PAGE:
Humanist, skeptic, acute observer of himself and others, Michel de Montaigne (1533—92) was the first to use the term “essay” to refer to the form he pioneered, and he has remained one of its most famous practitioners. He reflected on the great themes of existence in his wise and engaging writings, his subjects ranging from proper conversation and good reading, to the raising of children and the endurance of pain, from solitude, destiny, time, and custom, to truth, consciousness, and death. Having stood the test of time, his essays continue to influence writers nearly five hundred years later.
Also included in this complete edition of his works are Montaigne’s letters and his travel journal, fascinating records of the experiences and contemplations that would shape and infuse his essays. Montaigne speaks to us always in a personal voice in which his virtues of tolerance, moderation, and understanding are dazzlingly manifest.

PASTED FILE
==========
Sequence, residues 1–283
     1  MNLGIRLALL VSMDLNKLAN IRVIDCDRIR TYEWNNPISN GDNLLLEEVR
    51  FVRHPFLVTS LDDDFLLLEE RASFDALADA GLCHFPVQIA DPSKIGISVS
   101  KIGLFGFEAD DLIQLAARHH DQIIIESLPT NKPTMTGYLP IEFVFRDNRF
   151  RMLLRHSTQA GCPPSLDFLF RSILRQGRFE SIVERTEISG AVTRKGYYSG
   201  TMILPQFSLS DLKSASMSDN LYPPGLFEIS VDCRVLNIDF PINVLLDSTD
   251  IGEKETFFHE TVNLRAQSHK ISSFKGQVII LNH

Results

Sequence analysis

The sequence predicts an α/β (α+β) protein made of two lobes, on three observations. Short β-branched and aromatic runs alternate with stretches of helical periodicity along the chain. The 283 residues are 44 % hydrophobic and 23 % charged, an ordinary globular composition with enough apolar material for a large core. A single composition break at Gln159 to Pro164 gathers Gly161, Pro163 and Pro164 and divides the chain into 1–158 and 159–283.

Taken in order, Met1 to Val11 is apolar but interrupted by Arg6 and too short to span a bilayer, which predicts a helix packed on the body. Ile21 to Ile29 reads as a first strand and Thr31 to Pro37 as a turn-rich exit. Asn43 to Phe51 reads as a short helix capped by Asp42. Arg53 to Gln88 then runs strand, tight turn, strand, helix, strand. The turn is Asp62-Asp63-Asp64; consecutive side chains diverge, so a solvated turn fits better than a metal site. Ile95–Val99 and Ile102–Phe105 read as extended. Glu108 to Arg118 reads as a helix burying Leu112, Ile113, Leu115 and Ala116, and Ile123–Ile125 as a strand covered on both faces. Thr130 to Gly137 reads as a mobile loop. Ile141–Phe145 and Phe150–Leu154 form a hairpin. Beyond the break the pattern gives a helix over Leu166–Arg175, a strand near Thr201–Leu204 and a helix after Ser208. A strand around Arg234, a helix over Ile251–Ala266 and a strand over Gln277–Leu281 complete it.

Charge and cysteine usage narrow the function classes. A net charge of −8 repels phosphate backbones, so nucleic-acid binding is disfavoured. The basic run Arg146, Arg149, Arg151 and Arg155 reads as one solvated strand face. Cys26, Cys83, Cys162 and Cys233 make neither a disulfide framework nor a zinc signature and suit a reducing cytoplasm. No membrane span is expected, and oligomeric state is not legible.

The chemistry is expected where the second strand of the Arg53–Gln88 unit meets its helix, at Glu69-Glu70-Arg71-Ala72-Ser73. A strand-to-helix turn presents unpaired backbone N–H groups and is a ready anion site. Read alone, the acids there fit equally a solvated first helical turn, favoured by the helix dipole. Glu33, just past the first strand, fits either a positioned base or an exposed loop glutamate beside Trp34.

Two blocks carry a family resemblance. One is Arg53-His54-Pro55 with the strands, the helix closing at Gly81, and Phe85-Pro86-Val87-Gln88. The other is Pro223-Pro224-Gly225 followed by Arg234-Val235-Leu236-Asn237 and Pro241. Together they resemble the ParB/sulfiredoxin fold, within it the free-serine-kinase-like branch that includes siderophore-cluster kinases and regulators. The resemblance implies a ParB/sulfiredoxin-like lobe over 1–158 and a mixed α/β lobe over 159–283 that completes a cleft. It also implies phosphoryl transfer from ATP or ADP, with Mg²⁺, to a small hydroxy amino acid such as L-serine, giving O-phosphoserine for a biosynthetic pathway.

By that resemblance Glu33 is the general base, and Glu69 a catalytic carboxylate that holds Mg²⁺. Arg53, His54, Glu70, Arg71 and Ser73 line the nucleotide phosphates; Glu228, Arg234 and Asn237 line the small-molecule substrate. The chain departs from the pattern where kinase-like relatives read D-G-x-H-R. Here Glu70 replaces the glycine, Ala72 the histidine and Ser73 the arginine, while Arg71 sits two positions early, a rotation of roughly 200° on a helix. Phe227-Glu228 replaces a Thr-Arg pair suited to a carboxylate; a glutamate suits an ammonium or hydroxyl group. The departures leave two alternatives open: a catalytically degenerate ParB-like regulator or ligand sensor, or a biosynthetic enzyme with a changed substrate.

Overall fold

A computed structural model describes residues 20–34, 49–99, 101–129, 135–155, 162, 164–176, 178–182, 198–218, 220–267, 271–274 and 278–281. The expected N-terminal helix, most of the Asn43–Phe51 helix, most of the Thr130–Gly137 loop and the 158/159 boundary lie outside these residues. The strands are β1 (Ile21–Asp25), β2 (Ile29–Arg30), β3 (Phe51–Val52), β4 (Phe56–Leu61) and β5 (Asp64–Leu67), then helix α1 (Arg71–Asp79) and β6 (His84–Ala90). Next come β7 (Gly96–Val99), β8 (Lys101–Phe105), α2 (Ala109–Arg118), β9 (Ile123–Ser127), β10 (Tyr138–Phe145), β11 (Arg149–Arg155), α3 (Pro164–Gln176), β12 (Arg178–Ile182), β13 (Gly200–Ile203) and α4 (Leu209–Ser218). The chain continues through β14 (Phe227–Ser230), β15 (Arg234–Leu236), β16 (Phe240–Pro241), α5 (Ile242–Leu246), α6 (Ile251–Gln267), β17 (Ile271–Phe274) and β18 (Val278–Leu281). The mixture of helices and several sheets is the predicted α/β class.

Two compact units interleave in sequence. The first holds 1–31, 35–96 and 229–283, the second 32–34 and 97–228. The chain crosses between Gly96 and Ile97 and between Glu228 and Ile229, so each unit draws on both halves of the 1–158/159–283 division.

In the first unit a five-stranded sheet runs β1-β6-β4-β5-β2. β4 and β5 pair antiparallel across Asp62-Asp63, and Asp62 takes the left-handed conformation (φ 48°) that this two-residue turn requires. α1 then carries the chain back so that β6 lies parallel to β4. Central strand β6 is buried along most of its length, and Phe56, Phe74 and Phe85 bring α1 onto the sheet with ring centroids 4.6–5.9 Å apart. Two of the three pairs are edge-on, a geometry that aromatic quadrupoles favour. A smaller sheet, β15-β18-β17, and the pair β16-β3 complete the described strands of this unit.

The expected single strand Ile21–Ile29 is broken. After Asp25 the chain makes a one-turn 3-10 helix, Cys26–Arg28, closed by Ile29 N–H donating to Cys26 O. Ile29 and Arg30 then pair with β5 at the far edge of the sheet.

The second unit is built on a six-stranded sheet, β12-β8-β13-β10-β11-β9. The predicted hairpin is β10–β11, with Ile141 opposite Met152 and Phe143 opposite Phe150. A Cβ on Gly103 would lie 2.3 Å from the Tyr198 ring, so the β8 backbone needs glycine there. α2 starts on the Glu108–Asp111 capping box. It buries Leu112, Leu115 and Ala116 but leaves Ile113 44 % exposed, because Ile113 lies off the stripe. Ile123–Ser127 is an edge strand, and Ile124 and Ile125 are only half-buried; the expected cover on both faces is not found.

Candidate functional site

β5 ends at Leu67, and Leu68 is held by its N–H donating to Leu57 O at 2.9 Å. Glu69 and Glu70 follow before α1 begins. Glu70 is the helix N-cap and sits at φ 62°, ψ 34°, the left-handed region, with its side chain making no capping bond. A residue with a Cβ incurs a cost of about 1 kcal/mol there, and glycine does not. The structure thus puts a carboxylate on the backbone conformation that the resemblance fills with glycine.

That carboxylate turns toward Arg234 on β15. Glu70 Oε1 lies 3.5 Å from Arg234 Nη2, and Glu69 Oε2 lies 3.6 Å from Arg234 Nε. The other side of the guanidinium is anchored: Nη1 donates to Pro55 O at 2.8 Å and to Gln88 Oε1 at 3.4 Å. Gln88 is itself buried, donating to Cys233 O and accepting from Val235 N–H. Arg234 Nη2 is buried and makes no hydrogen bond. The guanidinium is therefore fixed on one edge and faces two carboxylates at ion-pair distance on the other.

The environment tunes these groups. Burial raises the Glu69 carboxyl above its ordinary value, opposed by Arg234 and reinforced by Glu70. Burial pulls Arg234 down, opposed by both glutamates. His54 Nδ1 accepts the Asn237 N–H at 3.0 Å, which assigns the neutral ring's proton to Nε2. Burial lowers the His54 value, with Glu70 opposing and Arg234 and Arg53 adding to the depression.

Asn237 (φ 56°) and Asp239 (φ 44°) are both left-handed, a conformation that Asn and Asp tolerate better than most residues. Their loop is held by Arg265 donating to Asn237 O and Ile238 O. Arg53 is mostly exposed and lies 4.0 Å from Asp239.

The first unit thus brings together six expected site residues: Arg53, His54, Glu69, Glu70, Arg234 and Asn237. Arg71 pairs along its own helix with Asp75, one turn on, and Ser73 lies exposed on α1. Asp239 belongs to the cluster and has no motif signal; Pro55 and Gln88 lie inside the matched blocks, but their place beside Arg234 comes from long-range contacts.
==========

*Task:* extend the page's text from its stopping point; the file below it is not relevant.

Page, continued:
Donald M. Frame’s masterful translation is widely acknowledged to be the classic English version.
Michel Eyquem de Montaigne was born in 1533, the son and heir of Pierre, Seigneur de Montaigne (who had two previous children who died soon after birth). He was brought up to speak Latin as his mother tongue and always retained… More about Michel de Montaigne
Hardcover | $35.00
Published by Everyman’s Library Apr 29, 2003| 1392 Pages| 5 x 8| ISBN 9781400040216
“A faithful translation is rare; a translation which preserves intact the original text is very rare; a perfect translation of Montaigne appears impossible. Yet Donald Frame has realized this feat. One does not seem to be reading a translation, so smooth and easy is the style; at each moment, one seems to be listening to Montaigne himself–the freshness of his ideas, the unexpected choice of words. Frame has kept everything.” –New York Times Book Review